Hyde Park returns to limelight Recalling an era: Hyde Park lost its news value 50 years ago when President Roosevelt died, but yesterday the town had a chance to relive its days as a center of world attention.

Sun Journal

October 24, 1995|By Kathy Lally | Kathy Lally,SUN NATIONAL STAFF

HYDE PARK, N.Y. -- History gets old when you don't make it every day, so when two visiting presidents surprised the world yesterday by agreeing to pursue peace in Bosnia together, the historic town of Hyde Park was proud to be standing by.

Russian President Boris N. Yeltsin and President Clinton reached their unexpected understanding in a meeting at Springwood, the Hudson River mansion where Franklin Delano Roosevelt was born, grew up and often retreated to restore himself as he led the United States through the Great Depression and World War II.

The Roosevelt home, a monument to capitalism, has little of the splendor of the czarist Kremlin. The two leaders met in the home's mahogany-panelled library, lined with books and portraits of forebears, some painted by luminaries like Gilbert Stuart.

The presidents stood outside the library for a few moments, looking at the magnificent Hudson River below. The Morgan mansion stood next door. And the Vanderbilts were up the river.

"It's beautiful," Mr. Yeltsin said, looking over the front yard that covers about 1 1/2 miles.

With this visit Mr. Clinton was returning an invitation.

When Mr. Clinton visited Moscow in May, the Russian president paved a street, erected enormous monuments and sent up an Air Force armada to throw a coming rainstorm off course.

Yesterday Mr. Clinton brought Mr. Yeltsin from New York City, 75 miles away by helicopter, flying over traffic snarled by endless roadwork.

The sunshine was dazzling. And Mr. Clinton brought his guest to an enduring monument to one of the nation's proudest moments.

Just as Mr. Clinton apparently intended, the weight of history worked its magic. Mr. Yeltsin declared himself deeply impressed by Roosevelt's legacy and the way it was preserved in his home and the museum next door.

"I want to bow my head to the people who work here," Mr. Yeltsin said, "who support the persona of President Roosevelt."

He was less solicitous of another U.S. institution, the press, when the two leaders emerged on the front steps of the great stone house, after about four hours of talks. Before the meeting Mr. Yeltsin was expected to have a prickly exchange about Bosnia.

"This was all due to you," he said, scolding the reporters assembled before him in stern tones. "You were writing my meeting with Bill Clinton was going to be a disaster. You are the disaster."

An astonished Mr. Clinton laughed. He doubled over. He wiped tears from his eyes. He told the press to be sure they heard who said it. His face was red with laughter. He threw an arm around Mr. Yeltsin and laughed again, leaning against him as if they were Borscht Belt comedians winding up a great routine.

Hyde Park, a town of 21,000, which stopped making news 50 years ago when Roosevelt died, was pleased.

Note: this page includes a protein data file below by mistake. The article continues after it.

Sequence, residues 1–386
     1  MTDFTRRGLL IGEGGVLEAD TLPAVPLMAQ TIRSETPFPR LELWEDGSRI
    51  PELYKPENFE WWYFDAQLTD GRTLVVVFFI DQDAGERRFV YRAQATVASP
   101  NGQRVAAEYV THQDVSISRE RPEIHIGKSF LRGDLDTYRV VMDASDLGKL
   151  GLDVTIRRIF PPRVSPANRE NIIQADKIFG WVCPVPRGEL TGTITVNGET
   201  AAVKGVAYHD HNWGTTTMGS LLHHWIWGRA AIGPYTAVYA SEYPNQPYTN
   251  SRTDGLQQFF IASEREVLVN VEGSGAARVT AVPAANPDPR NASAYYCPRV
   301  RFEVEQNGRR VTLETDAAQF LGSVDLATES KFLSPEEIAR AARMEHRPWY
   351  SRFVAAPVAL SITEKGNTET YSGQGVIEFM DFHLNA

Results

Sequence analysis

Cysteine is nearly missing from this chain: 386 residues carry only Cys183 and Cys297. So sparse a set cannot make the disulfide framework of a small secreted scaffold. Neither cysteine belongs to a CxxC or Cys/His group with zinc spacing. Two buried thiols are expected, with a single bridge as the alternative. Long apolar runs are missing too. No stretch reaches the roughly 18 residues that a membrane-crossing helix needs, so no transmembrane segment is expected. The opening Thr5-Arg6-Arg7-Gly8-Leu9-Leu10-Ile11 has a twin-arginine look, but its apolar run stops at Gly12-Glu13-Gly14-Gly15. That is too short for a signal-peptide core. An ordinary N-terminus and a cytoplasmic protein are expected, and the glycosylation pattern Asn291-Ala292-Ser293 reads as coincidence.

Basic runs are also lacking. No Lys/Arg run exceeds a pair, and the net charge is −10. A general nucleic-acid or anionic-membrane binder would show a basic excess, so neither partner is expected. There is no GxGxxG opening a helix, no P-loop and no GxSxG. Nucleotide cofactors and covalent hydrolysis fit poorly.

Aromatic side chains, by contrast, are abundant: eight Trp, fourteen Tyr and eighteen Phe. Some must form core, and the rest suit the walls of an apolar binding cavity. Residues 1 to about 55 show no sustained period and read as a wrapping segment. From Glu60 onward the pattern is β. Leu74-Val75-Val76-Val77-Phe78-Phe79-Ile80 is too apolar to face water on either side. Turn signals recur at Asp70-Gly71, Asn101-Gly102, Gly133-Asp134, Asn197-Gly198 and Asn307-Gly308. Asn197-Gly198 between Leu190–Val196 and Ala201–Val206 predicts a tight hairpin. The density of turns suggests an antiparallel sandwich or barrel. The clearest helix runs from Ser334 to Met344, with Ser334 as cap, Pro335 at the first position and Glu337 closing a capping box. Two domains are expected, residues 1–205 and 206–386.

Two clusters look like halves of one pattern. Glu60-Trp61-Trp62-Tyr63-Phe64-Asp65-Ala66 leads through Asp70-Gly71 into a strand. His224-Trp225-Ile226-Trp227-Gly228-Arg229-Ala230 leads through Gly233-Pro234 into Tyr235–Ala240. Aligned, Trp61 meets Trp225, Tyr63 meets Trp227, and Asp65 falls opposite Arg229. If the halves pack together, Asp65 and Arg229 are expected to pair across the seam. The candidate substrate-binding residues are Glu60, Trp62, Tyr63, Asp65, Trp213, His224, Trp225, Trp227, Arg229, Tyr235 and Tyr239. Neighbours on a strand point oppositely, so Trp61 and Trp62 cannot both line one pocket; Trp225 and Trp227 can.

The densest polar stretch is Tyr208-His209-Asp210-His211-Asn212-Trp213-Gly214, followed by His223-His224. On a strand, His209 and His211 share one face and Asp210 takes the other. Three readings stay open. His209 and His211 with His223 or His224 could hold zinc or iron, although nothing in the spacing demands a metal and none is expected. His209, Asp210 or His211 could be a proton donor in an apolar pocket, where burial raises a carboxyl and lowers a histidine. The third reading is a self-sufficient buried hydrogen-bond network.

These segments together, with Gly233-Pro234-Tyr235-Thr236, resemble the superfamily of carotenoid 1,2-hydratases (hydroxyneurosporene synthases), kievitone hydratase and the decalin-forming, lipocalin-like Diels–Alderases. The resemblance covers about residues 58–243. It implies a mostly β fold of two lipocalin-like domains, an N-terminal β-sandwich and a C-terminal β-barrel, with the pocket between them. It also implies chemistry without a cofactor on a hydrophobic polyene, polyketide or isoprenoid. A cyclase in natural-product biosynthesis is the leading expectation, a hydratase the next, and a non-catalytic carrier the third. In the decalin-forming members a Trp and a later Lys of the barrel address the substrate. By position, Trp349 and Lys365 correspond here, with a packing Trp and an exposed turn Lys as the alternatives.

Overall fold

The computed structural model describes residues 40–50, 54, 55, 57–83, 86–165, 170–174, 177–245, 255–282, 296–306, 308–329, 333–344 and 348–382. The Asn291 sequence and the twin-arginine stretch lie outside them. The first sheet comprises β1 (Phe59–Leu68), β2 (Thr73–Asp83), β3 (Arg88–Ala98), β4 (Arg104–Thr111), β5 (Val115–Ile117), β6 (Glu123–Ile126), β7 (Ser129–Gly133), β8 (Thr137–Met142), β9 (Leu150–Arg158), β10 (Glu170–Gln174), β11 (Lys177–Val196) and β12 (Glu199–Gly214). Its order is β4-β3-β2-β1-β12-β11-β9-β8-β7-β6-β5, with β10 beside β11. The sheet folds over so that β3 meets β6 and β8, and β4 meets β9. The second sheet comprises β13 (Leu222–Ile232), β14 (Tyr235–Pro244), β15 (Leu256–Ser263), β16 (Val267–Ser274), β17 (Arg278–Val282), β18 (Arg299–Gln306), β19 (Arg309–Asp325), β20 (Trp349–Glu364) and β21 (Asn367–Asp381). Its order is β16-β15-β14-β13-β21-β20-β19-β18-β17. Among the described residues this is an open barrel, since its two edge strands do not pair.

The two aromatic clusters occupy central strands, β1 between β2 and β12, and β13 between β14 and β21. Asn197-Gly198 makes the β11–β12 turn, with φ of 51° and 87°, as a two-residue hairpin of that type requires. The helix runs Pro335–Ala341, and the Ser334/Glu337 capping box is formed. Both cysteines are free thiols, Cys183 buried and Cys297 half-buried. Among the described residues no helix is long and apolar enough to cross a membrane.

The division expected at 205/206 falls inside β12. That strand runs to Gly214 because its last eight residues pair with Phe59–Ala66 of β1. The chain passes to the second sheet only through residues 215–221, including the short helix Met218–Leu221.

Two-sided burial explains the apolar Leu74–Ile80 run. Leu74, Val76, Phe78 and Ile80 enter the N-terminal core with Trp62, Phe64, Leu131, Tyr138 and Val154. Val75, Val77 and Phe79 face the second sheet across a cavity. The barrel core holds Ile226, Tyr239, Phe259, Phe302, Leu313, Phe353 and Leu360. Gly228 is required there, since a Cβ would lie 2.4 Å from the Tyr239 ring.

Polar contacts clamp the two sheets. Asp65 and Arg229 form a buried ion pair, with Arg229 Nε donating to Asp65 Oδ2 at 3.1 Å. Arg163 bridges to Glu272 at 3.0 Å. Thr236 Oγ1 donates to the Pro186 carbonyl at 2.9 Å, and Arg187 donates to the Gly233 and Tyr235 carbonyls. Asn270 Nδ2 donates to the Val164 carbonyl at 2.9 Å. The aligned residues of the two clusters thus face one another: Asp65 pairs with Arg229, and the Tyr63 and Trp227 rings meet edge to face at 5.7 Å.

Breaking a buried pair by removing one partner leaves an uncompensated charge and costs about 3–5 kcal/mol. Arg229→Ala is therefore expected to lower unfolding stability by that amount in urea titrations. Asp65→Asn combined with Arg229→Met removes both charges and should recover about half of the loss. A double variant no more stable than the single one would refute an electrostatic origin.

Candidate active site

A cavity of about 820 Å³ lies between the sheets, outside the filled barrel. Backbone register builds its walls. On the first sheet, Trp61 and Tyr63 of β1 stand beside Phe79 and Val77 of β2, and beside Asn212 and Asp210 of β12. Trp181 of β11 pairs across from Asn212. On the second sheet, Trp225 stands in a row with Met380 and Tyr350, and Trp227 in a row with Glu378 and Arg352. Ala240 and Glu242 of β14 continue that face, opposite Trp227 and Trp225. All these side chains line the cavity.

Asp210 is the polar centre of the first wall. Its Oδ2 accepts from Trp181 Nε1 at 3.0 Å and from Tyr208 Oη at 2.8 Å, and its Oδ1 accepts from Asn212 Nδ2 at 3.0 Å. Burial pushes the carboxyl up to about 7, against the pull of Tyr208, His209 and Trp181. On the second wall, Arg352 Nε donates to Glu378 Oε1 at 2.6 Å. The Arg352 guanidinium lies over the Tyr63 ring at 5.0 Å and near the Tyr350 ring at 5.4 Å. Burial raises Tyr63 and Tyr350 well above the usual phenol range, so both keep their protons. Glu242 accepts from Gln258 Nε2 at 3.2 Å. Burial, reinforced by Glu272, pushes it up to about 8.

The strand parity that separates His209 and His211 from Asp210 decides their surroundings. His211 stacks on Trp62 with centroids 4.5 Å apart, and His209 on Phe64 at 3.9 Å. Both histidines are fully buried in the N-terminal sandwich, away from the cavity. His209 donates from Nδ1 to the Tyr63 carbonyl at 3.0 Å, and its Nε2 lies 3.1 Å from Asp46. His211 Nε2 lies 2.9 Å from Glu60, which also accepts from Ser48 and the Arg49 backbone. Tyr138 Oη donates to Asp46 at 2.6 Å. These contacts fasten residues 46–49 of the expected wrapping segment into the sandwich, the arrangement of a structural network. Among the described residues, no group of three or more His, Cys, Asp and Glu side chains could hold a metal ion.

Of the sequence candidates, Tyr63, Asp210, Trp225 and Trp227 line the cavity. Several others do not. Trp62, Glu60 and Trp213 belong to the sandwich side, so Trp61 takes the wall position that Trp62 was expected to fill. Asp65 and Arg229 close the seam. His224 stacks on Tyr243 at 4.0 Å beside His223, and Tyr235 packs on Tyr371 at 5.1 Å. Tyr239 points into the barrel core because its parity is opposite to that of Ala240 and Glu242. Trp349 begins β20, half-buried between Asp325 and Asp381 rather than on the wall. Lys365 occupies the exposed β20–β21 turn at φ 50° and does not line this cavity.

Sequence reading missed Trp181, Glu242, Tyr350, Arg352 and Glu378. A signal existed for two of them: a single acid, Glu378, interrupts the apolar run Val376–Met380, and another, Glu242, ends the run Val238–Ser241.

"This puts Hyde Park on the map," said Gordon Knapp, who owns an antique store just down the street. "Of course it's wonderful to have the world's attention focused on Hyde Park."

Hyde Park was ready. Headlines in the local papers had warned: "FDR site braces for media hordes." There were several stories speculating on how vast the hordes would be, noting that six portable toilets had been ordered and that the rule of thumb was one per 50 people.

The Dutchess County tourism agency served coffee and food for the hordes and stacked their arms with promotional materials.

No one wanted to be blamed for upsetting a world leader. The U.S. Park Service combed the 30-by-50-foot library of the Roosevelt house, removing vases and other breakable objects. Perhaps the leaders would send a piece of glass crashing to the floor, setting off an international incident.

Hyde Park's other institution pitched in. The CIA -- that is, the Culinary Institute of America -- cooked lunch for the presidents. Late into Sunday night, instructors and students worked over their stoves and plates.

Sunday night, Tim Rodgers, the chef instructor in charge, shook his head unhappily as he practiced arranging smoked breast of duckling around a winter beet salad.

The oil and vinegar were separating. 'Do you think we can create an emulsion here?" the CIA president, Ferdinand Metz, asked.

The next day, eight students and their chef instructors served lunch without incident. An emulsion was achieved.

It was one president to another. Mr. Metz himself served Mr. Yeltsin dessert, an assortment of Hudson Valley apple dishes including apple lavender sherbet on a honeycomb and apple mousse on cake. Mr. Yeltsin's eyes lit up, Mr. Metz reported.

A short time later, the agreement was announced. Mr. Yeltsin credited the spirit of Roosevelt, who has particular resonance for Russians.

"The Russians know Roosevelt quite well, better than most Americans," said Alex Yanischeff, a park ranger here. "He was a hero of the Great Patriotic War."

The Russians call World War II the patriotic war because no one escaped sacrifice. They saw Roosevelt as an inspiring ally who tempered the cruel face of capitalism with social protections.

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